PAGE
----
How to Prepare for an Internship

So you’ve been accepted onto an internship program at an Investment Bank? Congratulations! That’s a huge step forward and one you should be exceedingly proud of – but it’s also an opportunity and one you need to make the most of.

This means that preparation is key, and will give you your best shot of getting a job offer at the end of it. So here’s some top tips on how to get yourself in the best possible shape before you even begin.

1) Get your paperwork sorted

There’s undoubtedly going to be a ridiculous amount of forms to fill in regarding any sort of contract to sign, payment details (if that applies), agreements and personal details. It’s all necessary and even though it’s all boring, it’ll just make your whole life a lot easier if you get it sorted beforehand.

Put aside a full day and just push through it – it feels like a sacrifice at the time but when you see the intern next to you trying to accomplish their work whilst trying to push through the administration so they’re getting paid the right amount, you’ll thank your lucky stars (and us.)

2) Get your head in the game

This is especially important if you’re not someone that keeps up to date with the innermost workings of the current financial climate, so be aware of your own limitations and nuances, but it will do you no harm at all to be acutely aware of what’s going down in the few months before your joining the bank.

You’ll be trained in there, but it is likely to be a short, intensive burst course that is supposed to cover the broad aims of what you’ll be doing, rather than a comprehensive walkthrough of what life is like.

As such, examine the Investment Banking areas on this site, make sure you’re up to speed on what is happening in the Financial Times and you’ll be right on the buzzer when they start to explain your role and jobs once you’ve arrived.

3) Talk to the company

They’ll almost certainly instigate this process but make sure that you are in a dialogue with a contact at the company, and that your replies are punctual and polite. This way, if there’s any changes or any opportunities available that have come up, you’ll be the first to know and the first to respond, which shows that you’re keen and reliable.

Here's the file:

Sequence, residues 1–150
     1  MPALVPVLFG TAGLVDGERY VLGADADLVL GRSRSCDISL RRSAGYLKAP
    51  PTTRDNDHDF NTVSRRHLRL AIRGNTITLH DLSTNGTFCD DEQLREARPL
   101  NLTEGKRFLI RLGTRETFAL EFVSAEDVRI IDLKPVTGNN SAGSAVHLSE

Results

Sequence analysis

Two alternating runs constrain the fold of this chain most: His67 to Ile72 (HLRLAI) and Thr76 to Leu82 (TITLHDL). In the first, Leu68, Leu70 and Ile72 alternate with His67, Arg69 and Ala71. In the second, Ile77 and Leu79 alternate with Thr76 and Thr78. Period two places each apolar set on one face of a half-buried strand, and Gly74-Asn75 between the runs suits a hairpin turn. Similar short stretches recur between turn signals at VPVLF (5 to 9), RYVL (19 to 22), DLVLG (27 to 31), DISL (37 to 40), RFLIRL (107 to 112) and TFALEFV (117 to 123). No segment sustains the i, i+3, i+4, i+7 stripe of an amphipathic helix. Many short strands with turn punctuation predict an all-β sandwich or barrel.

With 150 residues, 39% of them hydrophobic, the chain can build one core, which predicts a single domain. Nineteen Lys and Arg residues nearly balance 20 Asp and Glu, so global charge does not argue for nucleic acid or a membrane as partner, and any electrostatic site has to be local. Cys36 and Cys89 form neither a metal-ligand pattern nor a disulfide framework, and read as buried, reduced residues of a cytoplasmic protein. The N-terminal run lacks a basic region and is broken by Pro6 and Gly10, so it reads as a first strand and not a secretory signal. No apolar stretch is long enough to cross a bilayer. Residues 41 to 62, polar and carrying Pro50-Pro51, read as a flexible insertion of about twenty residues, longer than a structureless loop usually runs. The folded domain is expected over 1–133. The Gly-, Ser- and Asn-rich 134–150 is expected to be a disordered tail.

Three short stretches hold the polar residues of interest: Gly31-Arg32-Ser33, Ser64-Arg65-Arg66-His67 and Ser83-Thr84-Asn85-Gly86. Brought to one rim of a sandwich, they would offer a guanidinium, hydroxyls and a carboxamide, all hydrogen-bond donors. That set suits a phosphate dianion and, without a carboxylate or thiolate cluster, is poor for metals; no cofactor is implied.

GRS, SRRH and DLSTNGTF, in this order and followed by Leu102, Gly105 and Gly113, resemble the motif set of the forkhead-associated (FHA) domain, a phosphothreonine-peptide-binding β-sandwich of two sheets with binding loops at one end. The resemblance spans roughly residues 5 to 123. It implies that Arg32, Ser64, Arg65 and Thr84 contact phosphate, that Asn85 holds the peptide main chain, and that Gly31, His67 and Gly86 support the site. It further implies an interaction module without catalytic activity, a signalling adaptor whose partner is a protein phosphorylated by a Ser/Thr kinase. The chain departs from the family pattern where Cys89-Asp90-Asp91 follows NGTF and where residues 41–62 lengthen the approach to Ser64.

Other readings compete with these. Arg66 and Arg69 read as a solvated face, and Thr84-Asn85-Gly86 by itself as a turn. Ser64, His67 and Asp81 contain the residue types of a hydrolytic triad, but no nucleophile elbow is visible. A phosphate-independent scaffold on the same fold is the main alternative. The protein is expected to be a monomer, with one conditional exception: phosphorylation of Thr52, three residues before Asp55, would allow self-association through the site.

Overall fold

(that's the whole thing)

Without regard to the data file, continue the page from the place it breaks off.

They might also be placing people into different departments within the bank, so if you want your best chance of being placed in the department you are most interested in, it will do your chances the world of good if the people doing the placing like you and know that you are keen to put the hard work in.

4) Use your contacts

If you go to University, there’s a good chance that there is someone else doing a similar internship or that someone has done one before. Use the people around you to locate anyone that could help you out with some preparation in any sense, and get in contact with as many of these people are possible.

If there are social mixers or business events put on by the business before you begin, make sure you do your best to attend. There’s always the chance that you’ll meet someone who’ll be able to help you make the most of your internship and knowing more people at the place you’re working can only be a good thing.

5) Relax a little

You’ve done so well to get this far that you shouldn’t be stressing about what it’s going to be like or if you’ll fit in or whatever. Get yourself as prepared as possible and then have some faith in yourself – if they’ve offered you the internship, they like you and they think you have potential. It’s time to prove them right. Good luck!